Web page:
Monday, 9 July 2018

Medieval Tournament at the Ruïn of Brederode.

When a friend asked if we could join her at the Castle tower of the Ruïn of Brederode. We just couldn't say no. This is the place where we started doing re-enactment almost 15 years ago! In fact she was the one who gave us our first chance and after that magical event we were hooked.

If you look very closely you can see 
my Lady and me on the field.

As you can see there are not a lot of photographs with us in it. This is because we try to keep the camera out of sight of visitors and it was a really busy day!

And this is us at the Ruïn in November 2003

Monday, 11 June 2018

Vlaardingen 1018

This was by far the largest event we ever attended!
As the number or participants was also very large we got to see friends we hadn't seen
in a long time. So it felt like a reunion party and I had such a great time that I now
suffer from the post event blues.
Well at least we still have the photographs:

In a slightly different outfit than normal.
As the saying goes when in Rome do as the Romans.
When in Holland in the year 1018, dress as a Dutch lady from 1018.

Although we love my oak raven chair it is really heavy.
So my husband made a chair based upon the 11th century chair from Lund, Sweden.

My son working on a sheath for leather working tools.

Chatting with our neighbours.
Photo by Paul Meuldijk

Photo by Vlaardingen1018

Photo by Paul Meuldijk

Photo by Paul Meuldijk

Still from a video made by a reporter of the AD.

Monday, 28 May 2018

Day at the Parc, Capelle aan de IJssel.

We've been going to this event since 2010. 
It's always well organized and it's a great way to meet some of our late medieval friends.
Most of them we only see here, so I always look forward to it.

fingerloop braiding.

Learning to spin on a drop spindle; discussing the technique
(photo Jan Trouwborst)

Learning to spin on a drop spindle; actual action!

Monday, 21 May 2018

Viking/Early Medieval, Whitsun Market at Archeon

Again we had a great time at the Whitsun Market at the Archeon. 
Here I am working on a linen undertunic for a next event in June
and my son is relaxing after a long week at school. 

My husband his woodcarving always attracts a lot of attention.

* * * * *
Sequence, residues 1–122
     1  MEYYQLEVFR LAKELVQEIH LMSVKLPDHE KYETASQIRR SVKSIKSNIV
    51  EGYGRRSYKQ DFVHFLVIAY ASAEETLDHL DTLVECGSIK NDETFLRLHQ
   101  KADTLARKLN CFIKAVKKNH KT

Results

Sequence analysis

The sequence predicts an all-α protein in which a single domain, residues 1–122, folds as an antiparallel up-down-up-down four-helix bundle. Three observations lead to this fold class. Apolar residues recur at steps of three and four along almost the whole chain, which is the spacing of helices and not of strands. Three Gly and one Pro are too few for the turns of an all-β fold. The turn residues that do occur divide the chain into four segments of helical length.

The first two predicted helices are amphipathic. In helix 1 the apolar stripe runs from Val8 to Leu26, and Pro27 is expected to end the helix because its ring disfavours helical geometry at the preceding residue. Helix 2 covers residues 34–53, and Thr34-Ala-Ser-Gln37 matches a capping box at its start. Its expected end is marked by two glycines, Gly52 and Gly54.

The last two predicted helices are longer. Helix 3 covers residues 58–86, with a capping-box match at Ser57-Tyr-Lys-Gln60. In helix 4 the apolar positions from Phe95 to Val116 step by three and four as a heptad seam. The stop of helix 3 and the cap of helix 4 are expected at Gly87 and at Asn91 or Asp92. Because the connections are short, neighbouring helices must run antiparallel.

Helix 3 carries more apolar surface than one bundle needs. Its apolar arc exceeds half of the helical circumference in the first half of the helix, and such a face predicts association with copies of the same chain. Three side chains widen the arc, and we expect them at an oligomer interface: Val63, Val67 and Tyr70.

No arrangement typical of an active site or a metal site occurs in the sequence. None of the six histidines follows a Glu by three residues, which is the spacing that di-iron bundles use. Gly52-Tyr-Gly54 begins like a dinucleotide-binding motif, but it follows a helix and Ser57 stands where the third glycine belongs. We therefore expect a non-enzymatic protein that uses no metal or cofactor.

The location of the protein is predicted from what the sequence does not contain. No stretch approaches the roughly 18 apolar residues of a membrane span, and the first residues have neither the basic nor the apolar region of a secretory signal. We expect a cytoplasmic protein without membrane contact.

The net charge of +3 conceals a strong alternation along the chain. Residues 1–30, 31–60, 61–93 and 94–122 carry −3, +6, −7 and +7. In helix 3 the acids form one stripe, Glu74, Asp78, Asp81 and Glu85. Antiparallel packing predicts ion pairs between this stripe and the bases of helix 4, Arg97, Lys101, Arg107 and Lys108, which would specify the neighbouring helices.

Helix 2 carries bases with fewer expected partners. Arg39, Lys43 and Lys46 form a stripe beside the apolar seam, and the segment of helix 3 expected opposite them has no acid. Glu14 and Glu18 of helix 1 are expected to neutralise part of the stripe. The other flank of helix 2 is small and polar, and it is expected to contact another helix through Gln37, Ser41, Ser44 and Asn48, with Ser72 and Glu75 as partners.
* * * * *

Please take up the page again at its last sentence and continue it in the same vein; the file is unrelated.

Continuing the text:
After all those years it's still a form of magic to me,
 to see those figurines appear out of blocks of wood.

Finally a photo with the three of us in it!
The fire pit was from the museum but we were very grateful for it in the evenings.

A chip of the old block. my son woodcarving an arrow display stand.
(yes, proud mom speaking here)

Ofcourse a weekend at the Archeon isn't complete

without us taking up the bow and arrow.

Wednesday, 16 May 2018

Stuck somewhere between the 1890's, 1920's en 1018!

You probably all know this meme... (or a variation off it)

Being a self proclaimed costume addict this is true for most, if not all, of the time! Usually I don't mind but this time all three of the projects have deadlines around the same time and my every day life is kinda full, even without the costuming! 

Here is the overview:

I am still working on the Belle Epoque Evening dress, which is due in October this year. I already have given up the idea of making a day bodice to go with it , which would have been due December this year. The evening ensemble is almost finished, it just needs two hook and eyes and decoration.

I think I'm going with a version of the left version because frankly the lace option has been out voted by a good costuming friend, my husband and my son! And to be honest I wasn't too sure about it myself otherwise I wouldn't have asked them.

My husband and I will be attending a 1920's Downton Abbey garden party themed wedding. The bride and groom are both re-enactors so I don't think I will get away with converted thrift store finds or rental costumes. A dress and a suit for my husband, due this September.

Last but not least, we've have been wanting non-Scandinavian early medieval clothing for quite a while. This year we will be attending the Vlaardingen 1018 event, a commemoration of the battle at the dutch town of Vlaardingen in 1018, in June...

Commence costume stress! 

Tuesday, 3 April 2018

Belle Epoque Ensemble, part 2.

 I have been down with the flu for several days now and my frustration levels are going up. The bodice for my Belle Epoque ensemble is nearly done it just needs to be finished. If you follow me on instagram ( you have been able to see the progress I have made but I will share the pictures here as well.

back of the bodice

When you have to piece together a bodice from leftover scraps of velvet the chances of making a mistake with the pile is higher. I have been sewing for years and this still happens! Fortunately there is still enough fabric left.

Front of the bodice

Putting in the boning and playing around with 
decorating ideas.